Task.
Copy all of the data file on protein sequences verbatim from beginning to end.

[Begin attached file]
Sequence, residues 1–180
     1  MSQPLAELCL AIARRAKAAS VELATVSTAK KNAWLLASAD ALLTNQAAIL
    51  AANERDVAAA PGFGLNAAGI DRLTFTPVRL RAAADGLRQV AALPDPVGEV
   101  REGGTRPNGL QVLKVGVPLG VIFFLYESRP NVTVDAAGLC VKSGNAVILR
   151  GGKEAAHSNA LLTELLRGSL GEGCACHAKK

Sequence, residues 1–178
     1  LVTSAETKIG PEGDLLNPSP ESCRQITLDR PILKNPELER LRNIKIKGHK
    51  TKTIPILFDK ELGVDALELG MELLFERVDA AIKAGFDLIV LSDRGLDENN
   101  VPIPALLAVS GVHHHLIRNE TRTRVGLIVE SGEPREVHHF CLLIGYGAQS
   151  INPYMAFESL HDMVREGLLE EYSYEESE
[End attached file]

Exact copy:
Sequence, residues 1–180
     1  MSQPLAELCL AIARRAKAAS VELATVSTAK KNAWLLASAD ALLTNQAAIL
    51  AANERDVAAA PGFGLNAAGI DRLTFTPVRL RAAADGLRQV AALPDPVGEV
   101  REGGTRPNGL QVLKVGVPLG VIFFLYESRP NVTVDAAGLC VKSGNAVILR
   151  GGKEAAHSNA LLTELLRGSL GEGCACHAKK

Sequence, residues 1–178
     1  LVTSAETKIG PEGDLLNPSP ESCRQITLDR PILKNPELER LRNIKIKGHK
    51  TKTIPILFDK ELGVDALELG MELLFERVDA AIKAGFDLIV LSDRGLDENN
   101  VPIPALLAVS GVHHHLIRNE TRTRVGLIVE SGEPREVHHF CLLIGYGAQS
   151  INPYMAFESL HDMVREGLLE EYSYEESE